He dithered off to clean and I dressed in the cleanest things I could find, shoving my feet into the same well-worn grubby excuses for trainers I wore every day. Then I bounded out of the bedroom, downed the glass of Auntie Angela’s Scorpius had set out for me in one, and then cuffed said Scorpius around the head as a sort of goodbye. Seizing my anorak, I darted out the door.
Out in five minutes. It had to be a record. Even for a scatterbrain like me, and a hungover scatterbrain at that. I hadn’t exactly had the chance to put on make-up or even wash my hair, but I figured Tarquin and Gwen were probably well used to seeing me at my worst.
The bus stop was a full half hour’s walk from the flat. Despite me being early, they were already there when I arrived. I’d quit running a long time ago, slowing to a brisk pace instead, but I was still short of breath and in severe danger of throwing up everywhere.
The two of them seemed to perk up at the sight of me. Gwen tried to wriggle out of the large rucksack she was sporting, whereas Tarquin threw all caution to the wind and bounded up with his industrial-sized rucksack still strapped on. I only had a moment to catch my breath before he crashed into me and, seconds later, Gwen came running up and threw her arms around the both of us.
‘It’s been so long!’ Tarquin cried.
‘It’s been two months!’ Gwen corrected.
‘I’m so sorry!’ I said, as the two of them did a brilliant job at impersonating boa constrictors. I was more than aware that I probably looked (and smelled) like the walking personification of a morning after. ‘I’m so hungover!’
I felt like they’d be angry and, to be honest, I felt pretty crummy for not having made an effort for them, but then Tarquin released me and gripped me by the shoulders.
‘Aw, you started without us!’
Gwen, who had broken away to rummage about in her rucksack, reappeared with a bottle of wine in each hand.
‘Hair of the dog!’ she said brightly. ‘Now, take us to your leader!’
It took us a while to get back to the flat, a mixture of me dawdling to give Scorpius more time to clear up the trail of destruction I’d caused the night before, and Tarquin and Gwen stopping every few minutes to point at something and laugh. They seemed very taken by the tartan fiesta and cuddly Loch Ness monsters on display in the window of CUMBERNAULD NEWSAGENTS.
The door to the flat was opened by a very flustered Scorpius, who was holding a tin of baked beans in one hand and had a paintbrush between his teeth.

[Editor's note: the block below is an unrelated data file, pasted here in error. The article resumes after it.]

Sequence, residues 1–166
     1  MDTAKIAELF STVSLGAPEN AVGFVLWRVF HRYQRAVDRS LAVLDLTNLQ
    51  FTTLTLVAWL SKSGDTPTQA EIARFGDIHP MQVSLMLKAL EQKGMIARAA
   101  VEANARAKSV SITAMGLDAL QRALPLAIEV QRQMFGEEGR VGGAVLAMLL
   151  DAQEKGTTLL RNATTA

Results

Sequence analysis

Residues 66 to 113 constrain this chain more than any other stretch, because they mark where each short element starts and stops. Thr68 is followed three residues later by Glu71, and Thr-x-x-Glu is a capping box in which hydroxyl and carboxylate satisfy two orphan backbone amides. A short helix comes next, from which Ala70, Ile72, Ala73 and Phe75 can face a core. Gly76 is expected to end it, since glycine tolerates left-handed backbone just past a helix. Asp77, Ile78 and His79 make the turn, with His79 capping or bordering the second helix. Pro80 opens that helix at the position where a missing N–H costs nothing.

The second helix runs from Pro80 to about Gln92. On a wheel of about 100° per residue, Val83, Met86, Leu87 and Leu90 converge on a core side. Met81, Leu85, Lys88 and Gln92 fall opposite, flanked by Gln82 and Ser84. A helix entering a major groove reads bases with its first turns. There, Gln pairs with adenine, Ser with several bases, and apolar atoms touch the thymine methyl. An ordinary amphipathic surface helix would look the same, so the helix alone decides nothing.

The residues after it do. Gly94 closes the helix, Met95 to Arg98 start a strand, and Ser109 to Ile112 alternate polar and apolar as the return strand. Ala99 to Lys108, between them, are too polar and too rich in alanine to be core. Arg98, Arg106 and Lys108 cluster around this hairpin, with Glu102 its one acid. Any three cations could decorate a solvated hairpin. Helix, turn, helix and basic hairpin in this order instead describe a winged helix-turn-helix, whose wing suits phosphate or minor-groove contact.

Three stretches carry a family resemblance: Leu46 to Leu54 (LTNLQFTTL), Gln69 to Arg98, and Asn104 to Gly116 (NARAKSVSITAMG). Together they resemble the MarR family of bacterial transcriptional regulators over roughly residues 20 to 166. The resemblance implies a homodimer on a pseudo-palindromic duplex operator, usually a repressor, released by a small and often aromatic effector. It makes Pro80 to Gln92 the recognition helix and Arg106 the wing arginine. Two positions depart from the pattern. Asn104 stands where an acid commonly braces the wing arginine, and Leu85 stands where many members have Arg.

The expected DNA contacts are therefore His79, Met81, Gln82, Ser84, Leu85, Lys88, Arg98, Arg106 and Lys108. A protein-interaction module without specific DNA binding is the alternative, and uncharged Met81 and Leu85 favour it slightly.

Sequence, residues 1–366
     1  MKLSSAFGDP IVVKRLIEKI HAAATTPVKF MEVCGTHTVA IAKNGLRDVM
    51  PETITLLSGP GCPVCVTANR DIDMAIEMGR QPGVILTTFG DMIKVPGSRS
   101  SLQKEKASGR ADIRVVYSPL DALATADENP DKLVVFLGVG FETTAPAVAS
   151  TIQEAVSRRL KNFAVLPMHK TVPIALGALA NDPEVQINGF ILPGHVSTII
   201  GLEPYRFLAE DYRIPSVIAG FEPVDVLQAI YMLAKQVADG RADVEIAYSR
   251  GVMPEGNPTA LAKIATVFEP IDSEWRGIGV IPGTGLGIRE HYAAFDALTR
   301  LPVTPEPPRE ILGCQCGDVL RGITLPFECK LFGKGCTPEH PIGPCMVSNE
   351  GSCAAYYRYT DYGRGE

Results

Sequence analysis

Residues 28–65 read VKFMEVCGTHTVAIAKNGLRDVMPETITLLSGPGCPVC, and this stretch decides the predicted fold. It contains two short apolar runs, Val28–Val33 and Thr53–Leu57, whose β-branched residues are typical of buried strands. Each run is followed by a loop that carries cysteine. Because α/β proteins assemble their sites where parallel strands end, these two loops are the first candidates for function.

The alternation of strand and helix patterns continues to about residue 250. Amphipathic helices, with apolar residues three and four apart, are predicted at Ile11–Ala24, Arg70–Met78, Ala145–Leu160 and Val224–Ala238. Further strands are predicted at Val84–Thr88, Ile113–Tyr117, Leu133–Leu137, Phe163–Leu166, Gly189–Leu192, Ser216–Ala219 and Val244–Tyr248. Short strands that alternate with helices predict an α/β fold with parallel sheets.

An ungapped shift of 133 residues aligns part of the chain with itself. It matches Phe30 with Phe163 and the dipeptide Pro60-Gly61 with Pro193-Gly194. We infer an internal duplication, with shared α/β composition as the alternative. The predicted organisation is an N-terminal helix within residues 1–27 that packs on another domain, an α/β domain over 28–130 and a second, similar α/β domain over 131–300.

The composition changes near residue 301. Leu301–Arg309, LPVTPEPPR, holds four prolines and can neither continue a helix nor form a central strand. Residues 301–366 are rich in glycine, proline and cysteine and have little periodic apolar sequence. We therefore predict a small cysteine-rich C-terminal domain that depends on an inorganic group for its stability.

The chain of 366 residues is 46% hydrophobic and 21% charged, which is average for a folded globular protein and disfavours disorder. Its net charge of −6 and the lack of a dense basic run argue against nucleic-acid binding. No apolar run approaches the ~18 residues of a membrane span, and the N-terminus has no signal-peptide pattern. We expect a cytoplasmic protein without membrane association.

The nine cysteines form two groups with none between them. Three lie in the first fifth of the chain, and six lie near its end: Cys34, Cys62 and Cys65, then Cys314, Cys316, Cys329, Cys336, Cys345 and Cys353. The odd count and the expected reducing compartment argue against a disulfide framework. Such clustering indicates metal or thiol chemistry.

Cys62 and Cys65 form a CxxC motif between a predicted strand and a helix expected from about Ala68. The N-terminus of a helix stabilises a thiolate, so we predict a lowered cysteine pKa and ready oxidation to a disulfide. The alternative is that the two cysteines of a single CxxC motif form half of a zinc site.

‘E-yo,’ he offered by way of greeting, before spitting the paintbrush out into a corner, putting the baked beans onto a bookshelf and letting us into the flat.
It was pretty tidy, I had to give him that. It was a little higgledy-piggledy and the toaster was mysteriously upside-down, but there was a general air of order that had not been there when I’d sprinted out earlier. The sofa looked a little out of sorts, as if the cushions had been stuffed with duvets and then inflated. This concerned me.
‘Did you hide something in the sofa?’ I muttered, as we busied ourselves with taking Tarquin and Gwen’s coats.
‘Nope,’ Scorpius said. ‘Just checking to see if the sofabed still worked.’
Then he threw out his arms, stepped back, and declared-
‘Ta-dah! Our snazzy, crappy flat!’
And at that moment, the cushions toppled off the sofa and the wire bed frame within rose, elegantly unfolding like a woman’s leg emerging from a taxi, landing with a soft thud on the coffee table.
‘Wow,’ Tarquin said. ‘Your flats just…’
‘Keep getting crummier?’ Scorpius offered, trying to hoist the sofa bed back up again.
‘Just leave it,’ I said.
‘It’s nice, actually,’ Gwen peered round the kitchen/living room and up along the corridor to the jumble sale we called our bedroom, where the chaos of magazine furniture and tartan could just be seen through the open door.
‘Bit poky,’ I shrugged.
‘No gremlins in the cupboard?’ Tarquin said.
‘Nope,’ Scorpius grinned, dropping the end of the sofa bed back onto the coffee table with a thump and an ominous clatter. ‘But we inherited a cat!’
After it became obvious that neither Scorpius nor I had seen Mr Andrew Socks that morning, the four of us set about searching for him, whereupon he was discovered curled up on the kitchen shelf where we kept our condiments. Scorpius, holding the pepper mill in one hand and Mr Andrew Socks in the other, stood and beamed at us all like he was the lord of the manor. That or like the cat that got the cream, only cream that was going off a bit and probably unsafe for human consumption.
The one thing about having a scuzzy flat is that there isn’t a lot to do in it. On the plus side, the one thing about being nauseous and hungover is that one generally requires a lot of fresh air to speed up the recovery process. So, after we’d had a cuppa apiece, we resolved to go out and take a bit of a stroll up the beachfront in search of bacon butties. Anoraks on and boots laced, we left the flat.
‘So what are you two up to these days?’ Tarquin said, as we meandered down the High Street. ‘I mean, we pick up stuff from the letters, but not everything…’
‘Uh…’ I faltered.
‘Odd jobs,’ Scorpius said.
‘A lot of odd jobs,’ I chipped in.
‘Mostly photography stuff.’